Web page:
A typical example of this is an image titled “The Miniature,” showing a young European woman in a long, Victorian-era gown with a form-fitting bodice, holding an oval-framed miniature picture on a chain. Looming over her is a rake in a beret adorned with a long feather, a short dagger on his fine coat.
Another shows a young woman, languidly holding a basket of flowers with distant valleys and mountains behind her. She pensively holds a finger to her cheek, with the title, “Why doesn’t he come?”
‘Fair Shelter Island’
Perhaps the most intriguing part of the album is a series of love poems, written and signed by men to a woman named Asenath, sometimes referred to as “Ase-ne, ” who is praised for her beauty, wit and charm.
But it seems Asenath had a female suitor, as well. A woman, revealing herself only as “H,” copied out a published love lyric of the time, titled “Mary Lee,” but changed the beloved’s name to “Ase-ne.”
“My wreathed flowers are few,
Yet no fairer drink the dew,
My bonny Ase-ne …
Some may boast a richer prize
Under pride and wealth’s disguise:
None a fonder offering bore
Than this of mine to thee;
And can true love wish for more?
Surely not, Ase-ne.”
It’s a testament that the writer of those lines was joined by another, desiring to leave something more serious and heart-felt than just pieces of happy Christmas verse. An example is a passage that begins:
“Write, write you bid me in your album write,
I heed the mandate to truth invite.”
It isn’t just love for each other that the correspondents declared. Love for the Island at Christmas is memorialized. This is from an original poem, dated 1851, most likely from a seafaring man, comparing Shelter Island to Eden:
“Few spots there are in this wide world
Where sin has found no home:
Yet I have found one wonderful place where it is scarcely known.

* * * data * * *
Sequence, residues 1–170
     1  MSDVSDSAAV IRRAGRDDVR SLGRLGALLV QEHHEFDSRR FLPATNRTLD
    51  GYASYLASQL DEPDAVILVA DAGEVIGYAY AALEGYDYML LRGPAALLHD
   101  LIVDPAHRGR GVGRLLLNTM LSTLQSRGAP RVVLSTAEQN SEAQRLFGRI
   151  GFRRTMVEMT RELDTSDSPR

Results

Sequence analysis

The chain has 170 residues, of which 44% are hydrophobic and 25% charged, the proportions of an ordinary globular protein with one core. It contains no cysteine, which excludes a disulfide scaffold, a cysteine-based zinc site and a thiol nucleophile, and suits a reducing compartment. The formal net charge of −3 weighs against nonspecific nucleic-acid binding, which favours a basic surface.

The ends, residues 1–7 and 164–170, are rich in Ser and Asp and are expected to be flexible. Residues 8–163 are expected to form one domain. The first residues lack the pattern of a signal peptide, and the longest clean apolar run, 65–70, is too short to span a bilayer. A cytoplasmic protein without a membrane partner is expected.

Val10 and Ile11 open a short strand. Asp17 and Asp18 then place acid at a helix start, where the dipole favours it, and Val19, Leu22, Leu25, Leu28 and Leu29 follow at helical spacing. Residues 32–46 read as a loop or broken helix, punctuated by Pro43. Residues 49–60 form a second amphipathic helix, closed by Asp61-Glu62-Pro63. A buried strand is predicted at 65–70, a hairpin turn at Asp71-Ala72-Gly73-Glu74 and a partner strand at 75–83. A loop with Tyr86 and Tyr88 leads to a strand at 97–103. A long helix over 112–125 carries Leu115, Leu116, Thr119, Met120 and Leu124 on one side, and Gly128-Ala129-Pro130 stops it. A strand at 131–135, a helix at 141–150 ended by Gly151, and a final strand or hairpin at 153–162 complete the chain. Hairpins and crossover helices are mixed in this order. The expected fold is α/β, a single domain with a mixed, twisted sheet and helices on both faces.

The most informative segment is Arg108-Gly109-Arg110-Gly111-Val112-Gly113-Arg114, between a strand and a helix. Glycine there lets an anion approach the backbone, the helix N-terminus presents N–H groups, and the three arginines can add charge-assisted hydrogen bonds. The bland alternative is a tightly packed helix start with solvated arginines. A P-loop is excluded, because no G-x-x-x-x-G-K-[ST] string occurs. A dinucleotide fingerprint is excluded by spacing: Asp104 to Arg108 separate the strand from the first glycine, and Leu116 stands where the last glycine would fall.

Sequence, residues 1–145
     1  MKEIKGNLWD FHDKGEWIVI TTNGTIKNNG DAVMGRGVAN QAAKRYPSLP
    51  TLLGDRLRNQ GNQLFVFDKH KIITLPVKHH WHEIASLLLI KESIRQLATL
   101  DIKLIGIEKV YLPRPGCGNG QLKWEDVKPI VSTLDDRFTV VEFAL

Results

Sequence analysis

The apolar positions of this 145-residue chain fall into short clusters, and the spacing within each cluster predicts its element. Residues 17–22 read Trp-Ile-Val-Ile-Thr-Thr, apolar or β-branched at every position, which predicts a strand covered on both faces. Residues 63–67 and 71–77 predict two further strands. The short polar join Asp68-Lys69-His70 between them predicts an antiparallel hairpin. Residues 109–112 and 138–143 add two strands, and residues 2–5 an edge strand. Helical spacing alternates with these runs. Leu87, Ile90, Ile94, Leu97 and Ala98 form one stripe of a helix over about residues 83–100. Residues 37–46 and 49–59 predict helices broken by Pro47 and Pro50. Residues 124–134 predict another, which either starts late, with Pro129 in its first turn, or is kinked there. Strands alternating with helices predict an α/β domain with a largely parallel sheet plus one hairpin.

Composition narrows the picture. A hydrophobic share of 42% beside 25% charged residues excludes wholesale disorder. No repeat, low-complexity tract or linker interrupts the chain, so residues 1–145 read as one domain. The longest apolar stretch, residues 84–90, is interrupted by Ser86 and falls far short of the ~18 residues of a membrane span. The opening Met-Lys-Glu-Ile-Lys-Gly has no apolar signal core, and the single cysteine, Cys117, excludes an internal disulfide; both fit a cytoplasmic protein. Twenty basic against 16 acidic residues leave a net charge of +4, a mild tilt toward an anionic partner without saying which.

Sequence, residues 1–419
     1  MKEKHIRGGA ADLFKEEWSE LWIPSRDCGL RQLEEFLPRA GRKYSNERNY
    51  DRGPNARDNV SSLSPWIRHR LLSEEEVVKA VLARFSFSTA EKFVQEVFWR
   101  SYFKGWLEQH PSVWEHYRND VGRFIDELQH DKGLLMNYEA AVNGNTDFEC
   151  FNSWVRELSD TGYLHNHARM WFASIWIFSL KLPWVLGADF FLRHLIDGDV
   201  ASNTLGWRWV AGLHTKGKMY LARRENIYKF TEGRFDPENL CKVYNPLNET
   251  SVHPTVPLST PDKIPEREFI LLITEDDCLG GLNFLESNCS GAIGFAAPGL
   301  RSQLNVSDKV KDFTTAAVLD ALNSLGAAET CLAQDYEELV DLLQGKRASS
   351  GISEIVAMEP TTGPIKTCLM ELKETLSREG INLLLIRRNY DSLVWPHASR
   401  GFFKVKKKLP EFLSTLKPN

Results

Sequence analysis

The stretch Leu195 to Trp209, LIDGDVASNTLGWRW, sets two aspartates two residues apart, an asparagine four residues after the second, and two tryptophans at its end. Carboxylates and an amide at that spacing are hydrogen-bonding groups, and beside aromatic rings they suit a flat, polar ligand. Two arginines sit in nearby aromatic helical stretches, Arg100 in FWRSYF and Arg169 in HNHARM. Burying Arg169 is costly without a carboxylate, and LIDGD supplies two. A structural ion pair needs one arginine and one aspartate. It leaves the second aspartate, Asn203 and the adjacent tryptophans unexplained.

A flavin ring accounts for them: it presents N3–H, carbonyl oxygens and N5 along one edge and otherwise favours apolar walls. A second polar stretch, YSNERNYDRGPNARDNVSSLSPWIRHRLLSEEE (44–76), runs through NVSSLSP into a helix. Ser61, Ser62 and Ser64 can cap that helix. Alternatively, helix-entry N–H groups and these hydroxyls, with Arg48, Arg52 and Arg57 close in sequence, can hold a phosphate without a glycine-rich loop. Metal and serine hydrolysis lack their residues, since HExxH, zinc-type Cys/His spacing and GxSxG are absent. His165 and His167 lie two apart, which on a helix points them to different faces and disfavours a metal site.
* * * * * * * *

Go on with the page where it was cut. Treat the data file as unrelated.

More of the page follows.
It is on Shelter Island: True friendship bloometh here
There is no room for sorrow, or reason for a tear …
I must leave your fair isle for places far away
And to it I may not return for many a weary day.
In arctic snow, in torrid heats, or in the Spanish west,
My spirit on fair Shelter Island will ever seek rest.”
Counter balancing a lot of the dreamy romanticism are entries with a wicked sense of humor. One is a hilariously scathing verse about teaching, written by one of its practitioners who has come to a crossroad:
“To teach — or not to teach — that is the question,
Whether ‘tis nobler in the mind to suffer
Insults and impudence from outrageous brats
Or to resign this life of trouble,
And by resigning, end them.”
It goes on for another 25 lines, all written in an elegant hand.
Not fade away
The handwriting throughout the album is in ink, presented in what’s called a “fair copy,” or a painstaking and time-consuming final draft, with no scratch outs or emendations.
Which brings to mind what is lost and gained in the celebrations and gifts people in a technological age give or send to each other.
Not all has changed. Now and in times gone by, Christmas is not just a season marked on a calendar, but a permanent memory bank of holidays past, especially when the one remembering looks back happily on a simpler time.
Near the opening of Mr. Hoye’s Christmas album, someone wrote, in the fairest hand:
“Here, too, dwells simple truth,